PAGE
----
New York: Fresh and refreshing US Open semi-finalist Jennifer Brady serves as a beacon both for American tennis fans and those who respect the value of struggle. Her path to this high point at 25 did not qualify as gilded.
She played college tennis, and the US Tennis Association rummaged through the data to pinpoint the fact that nobody who did such a thing had made a US Open quarter final since Gigi Fernndez in 1994. She spent much of 2015 and all of 2016 scrounging through the Triple-A tiers, winning $444 in Waco, Texas, here, $760 in Charlottesville, there, $1,267 in Dothan, Ala., over there. When she was up and reached the 2017 Australian Open fourth round after having weathered qualifying just to reach the big bracket, a reporter noted she had doubled her lifetime prize money.
“Cool, thanks,” she said. “Thanks for sharing. I didn’t know that.”
Well, people do figure out things, even when they aren’t sure they can. As of her 69-minute picture of self-belief and power in Arthur Ashe Stadium on Tuesday during her commanding 6-3, 6-2 win over 35th-ranked Yulia Putintseva, Brady has marshalled her power to win all 10 sets at this US Open, with only two of them as troublesome as 6-4.
And given her 6-1, 6-4 rush through three-time Grand Slam champion Angelique Kerber in the fourth round, she has spent an interrupted 2020 beating six of the world’s top 23 players, plus Coco Gauff, and winning her first career title at the Top Seed Open in Kentucky.
“I know what I’m doing out there,” she said Tuesday. “I believe in myself, my game, that I’m good enough to win matches and be at this level and to be where I am today.”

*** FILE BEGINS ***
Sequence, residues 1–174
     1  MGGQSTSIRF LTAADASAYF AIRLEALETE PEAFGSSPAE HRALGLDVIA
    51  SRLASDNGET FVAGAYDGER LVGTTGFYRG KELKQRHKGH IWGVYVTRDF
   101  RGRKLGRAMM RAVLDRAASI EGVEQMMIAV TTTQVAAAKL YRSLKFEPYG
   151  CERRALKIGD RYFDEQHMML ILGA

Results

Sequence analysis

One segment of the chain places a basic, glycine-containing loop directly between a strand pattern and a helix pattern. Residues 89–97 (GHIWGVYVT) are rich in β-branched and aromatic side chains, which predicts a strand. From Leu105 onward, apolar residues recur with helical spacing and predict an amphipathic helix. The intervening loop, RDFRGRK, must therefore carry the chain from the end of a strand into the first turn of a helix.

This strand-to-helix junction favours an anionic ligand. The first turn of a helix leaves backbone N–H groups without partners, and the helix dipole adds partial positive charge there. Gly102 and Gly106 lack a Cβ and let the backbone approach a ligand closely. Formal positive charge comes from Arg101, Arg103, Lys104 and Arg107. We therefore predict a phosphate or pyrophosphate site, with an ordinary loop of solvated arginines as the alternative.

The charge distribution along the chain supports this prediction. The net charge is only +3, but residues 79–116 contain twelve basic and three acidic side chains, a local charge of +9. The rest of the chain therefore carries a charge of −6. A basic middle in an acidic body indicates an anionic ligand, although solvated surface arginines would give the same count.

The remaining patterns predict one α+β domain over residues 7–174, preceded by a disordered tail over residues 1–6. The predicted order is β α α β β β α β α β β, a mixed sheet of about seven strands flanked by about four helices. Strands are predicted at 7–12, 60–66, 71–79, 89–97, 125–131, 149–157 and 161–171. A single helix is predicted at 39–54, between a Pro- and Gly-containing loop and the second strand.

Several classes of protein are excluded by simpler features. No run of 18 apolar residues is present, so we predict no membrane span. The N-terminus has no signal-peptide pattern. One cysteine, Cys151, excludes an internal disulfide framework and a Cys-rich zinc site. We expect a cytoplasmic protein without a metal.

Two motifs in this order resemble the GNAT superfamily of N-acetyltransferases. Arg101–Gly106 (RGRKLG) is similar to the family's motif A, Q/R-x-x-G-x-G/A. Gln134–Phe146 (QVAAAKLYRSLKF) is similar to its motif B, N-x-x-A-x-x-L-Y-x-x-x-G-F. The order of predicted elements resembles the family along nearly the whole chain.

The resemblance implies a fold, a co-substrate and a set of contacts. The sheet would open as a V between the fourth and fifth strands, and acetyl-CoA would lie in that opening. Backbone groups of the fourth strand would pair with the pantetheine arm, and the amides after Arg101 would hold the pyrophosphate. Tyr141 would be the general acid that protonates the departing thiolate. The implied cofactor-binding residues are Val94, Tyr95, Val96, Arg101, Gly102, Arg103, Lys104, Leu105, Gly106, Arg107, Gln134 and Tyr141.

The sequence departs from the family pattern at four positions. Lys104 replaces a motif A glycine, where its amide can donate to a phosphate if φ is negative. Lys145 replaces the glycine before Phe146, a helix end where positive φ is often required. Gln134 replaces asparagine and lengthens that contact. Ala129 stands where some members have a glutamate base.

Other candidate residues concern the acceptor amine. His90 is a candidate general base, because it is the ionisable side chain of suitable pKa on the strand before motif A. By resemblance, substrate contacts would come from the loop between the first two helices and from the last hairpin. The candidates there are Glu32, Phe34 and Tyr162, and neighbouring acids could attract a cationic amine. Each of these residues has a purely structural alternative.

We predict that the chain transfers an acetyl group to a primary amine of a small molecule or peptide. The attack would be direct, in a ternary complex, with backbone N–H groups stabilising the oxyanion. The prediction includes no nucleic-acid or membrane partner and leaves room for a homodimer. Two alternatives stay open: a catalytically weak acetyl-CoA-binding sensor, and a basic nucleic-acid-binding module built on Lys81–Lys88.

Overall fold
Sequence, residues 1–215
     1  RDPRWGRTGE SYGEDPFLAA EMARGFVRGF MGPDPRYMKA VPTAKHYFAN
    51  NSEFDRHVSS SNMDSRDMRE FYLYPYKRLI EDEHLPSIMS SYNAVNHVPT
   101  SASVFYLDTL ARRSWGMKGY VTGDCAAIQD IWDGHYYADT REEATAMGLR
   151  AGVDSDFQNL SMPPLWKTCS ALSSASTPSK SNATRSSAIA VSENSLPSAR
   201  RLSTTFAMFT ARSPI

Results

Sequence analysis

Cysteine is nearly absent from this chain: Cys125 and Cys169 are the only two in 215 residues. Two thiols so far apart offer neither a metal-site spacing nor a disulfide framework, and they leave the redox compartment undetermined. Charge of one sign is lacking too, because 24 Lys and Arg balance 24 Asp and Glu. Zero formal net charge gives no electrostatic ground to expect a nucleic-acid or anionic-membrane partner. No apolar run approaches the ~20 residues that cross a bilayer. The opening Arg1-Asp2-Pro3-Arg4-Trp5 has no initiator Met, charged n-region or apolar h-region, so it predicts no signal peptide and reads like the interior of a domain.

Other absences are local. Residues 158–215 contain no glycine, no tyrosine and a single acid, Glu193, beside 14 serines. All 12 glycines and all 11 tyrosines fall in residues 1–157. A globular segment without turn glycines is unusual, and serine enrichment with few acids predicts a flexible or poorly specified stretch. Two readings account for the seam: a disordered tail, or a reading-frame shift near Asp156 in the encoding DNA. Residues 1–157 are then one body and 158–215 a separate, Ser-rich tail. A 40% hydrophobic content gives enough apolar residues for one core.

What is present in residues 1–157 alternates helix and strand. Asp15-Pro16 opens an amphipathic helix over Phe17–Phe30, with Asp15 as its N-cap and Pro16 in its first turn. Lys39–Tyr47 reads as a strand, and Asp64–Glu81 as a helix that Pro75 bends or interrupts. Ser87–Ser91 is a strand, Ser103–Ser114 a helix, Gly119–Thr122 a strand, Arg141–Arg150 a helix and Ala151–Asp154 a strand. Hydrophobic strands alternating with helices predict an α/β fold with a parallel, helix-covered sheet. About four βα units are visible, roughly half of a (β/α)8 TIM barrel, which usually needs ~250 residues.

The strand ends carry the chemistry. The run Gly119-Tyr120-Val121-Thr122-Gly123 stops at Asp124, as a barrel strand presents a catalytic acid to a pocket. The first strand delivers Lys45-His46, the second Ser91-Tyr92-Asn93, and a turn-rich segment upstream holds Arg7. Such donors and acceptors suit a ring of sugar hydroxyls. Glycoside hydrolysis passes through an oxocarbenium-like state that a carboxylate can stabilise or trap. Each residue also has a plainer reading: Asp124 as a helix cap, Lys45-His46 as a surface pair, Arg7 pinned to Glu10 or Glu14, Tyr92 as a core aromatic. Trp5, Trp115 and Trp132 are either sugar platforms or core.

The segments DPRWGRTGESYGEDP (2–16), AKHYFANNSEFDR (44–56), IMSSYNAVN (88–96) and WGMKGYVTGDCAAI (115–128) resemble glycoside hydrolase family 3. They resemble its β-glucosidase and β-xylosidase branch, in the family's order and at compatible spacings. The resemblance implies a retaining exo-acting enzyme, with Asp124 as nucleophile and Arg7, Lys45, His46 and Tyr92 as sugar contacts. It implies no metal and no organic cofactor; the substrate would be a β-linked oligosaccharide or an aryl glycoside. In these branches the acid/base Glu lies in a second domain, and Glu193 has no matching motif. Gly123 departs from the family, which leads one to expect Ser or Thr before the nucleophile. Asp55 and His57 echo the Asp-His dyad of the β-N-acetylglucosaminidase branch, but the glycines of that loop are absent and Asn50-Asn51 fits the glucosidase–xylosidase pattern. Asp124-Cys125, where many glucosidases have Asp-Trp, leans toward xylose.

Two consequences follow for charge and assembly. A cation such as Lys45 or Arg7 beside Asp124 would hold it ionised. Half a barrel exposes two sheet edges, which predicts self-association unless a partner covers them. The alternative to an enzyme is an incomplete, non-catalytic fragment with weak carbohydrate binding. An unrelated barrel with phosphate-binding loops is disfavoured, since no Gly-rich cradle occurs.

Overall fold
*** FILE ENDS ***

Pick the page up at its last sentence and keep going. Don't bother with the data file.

“She was playing really fast balls to me,” Putintseva said, “so I should have been quicker with my reaction.”
All that came three years after Brady’s first appearance in Ashe, when she lost, 6-1, 6-0, in 46 minutes to top-ranked Karolina Pliskova, after which she said of the crowd: “Yeah, I mean a couple of points, they got loud. Yeah, I just didn’t really give them the opportunity to do that.” Three years after that, the biggest win of her life also came with silence, happening in the stadium almost completely empty.ser
So she hopes to hear a roar someday, this native Pennsylvanian (Harrisburg) who moved to Florida at 9 (but not for tennis reasons) and then to UCLA for two years of college play (with an NCAA team title tucked in there). But for now, she can settle nicely for a bawl and a vista.
For the former, she said of her mother, Elizabeth: “Today was the first time I’ve FaceTimed with my mom, and she started bawling. That was nice.”
And for the vista that might cause any parent to bawl with pride, Brady told of bygone days in the bushes.
“I was playing Challenger [Tour] events, lower Challenger events, losing in the qualifying first round, and I was thinking: ‘Okay, do I have a chance to make it?’ “ she said. “ ‘Will I make it? How can I really succeed doing this? Am I meant to play this sport?’ There were a lot of doubts, a lot of questions, you know, definitely not positive thoughts, you know, during those times. But I think I’m pretty lucky to have just stuck to it and just really continue to just play and practice and compete and get better. You know, here I am today.”
To get here, she went through Germany, moving there late last year to start with her coach, Michael Geserer. She finished 2019 ranked No. 55 but wanted to see if she might prove better than that. She thought a change might help.
Her ranking stands at No. 41, pointing way upward, and she can explain how this happened. “I have gotten a lot fitter,” she said after beating Kerber. “I’m able to, you know, maintain my intensity from the beginning of the match all the way to the end.”
That, in turn, feeds the mind, “knowing I can play my game at a high level from, you know, the very first point all the way until the end, without a dip in my physical abilities.”
So, here she is today.
- Washington Post